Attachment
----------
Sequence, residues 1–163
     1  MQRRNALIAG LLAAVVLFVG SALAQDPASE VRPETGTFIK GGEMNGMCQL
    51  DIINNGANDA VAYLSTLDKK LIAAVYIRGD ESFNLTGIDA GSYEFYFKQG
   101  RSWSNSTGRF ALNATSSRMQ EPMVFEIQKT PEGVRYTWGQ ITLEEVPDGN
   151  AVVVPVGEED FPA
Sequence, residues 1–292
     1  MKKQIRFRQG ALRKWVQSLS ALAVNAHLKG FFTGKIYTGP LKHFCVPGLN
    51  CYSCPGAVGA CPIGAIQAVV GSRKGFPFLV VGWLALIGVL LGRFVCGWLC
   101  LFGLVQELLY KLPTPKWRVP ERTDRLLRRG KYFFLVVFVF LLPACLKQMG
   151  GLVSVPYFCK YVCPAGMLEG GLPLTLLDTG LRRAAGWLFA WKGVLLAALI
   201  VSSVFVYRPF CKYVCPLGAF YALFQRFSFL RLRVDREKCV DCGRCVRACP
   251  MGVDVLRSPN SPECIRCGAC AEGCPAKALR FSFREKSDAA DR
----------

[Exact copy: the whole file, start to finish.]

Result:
Sequence, residues 1–163
     1  MQRRNALIAG LLAAVVLFVG SALAQDPASE VRPETGTFIK GGEMNGMCQL
    51  DIINNGANDA VAYLSTLDKK LIAAVYIRGD ESFNLTGIDA GSYEFYFKQG
   101  RSWSNSTGRF ALNATSSRMQ EPMVFEIQKT PEGVRYTWGQ ITLEEVPDGN
   151  AVVVPVGEED FPA
Sequence, residues 1–292
     1  MKKQIRFRQG ALRKWVQSLS ALAVNAHLKG FFTGKIYTGP LKHFCVPGLN
    51  CYSCPGAVGA CPIGAIQAVV GSRKGFPFLV VGWLALIGVL LGRFVCGWLC
   101  LFGLVQELLY KLPTPKWRVP ERTDRLLRRG KYFFLVVFVF LLPACLKQMG
   151  GLVSVPYFCK YVCPAGMLEG GLPLTLLDTG LRRAAGWLFA WKGVLLAALI
   201  VSSVFVYRPF CKYVCPLGAF YALFQRFSFL RLRVDREKCV DCGRCVRACP
   251  MGVDVLRSPN SPECIRCGAC AEGCPAKALR FSFREKSDAA DR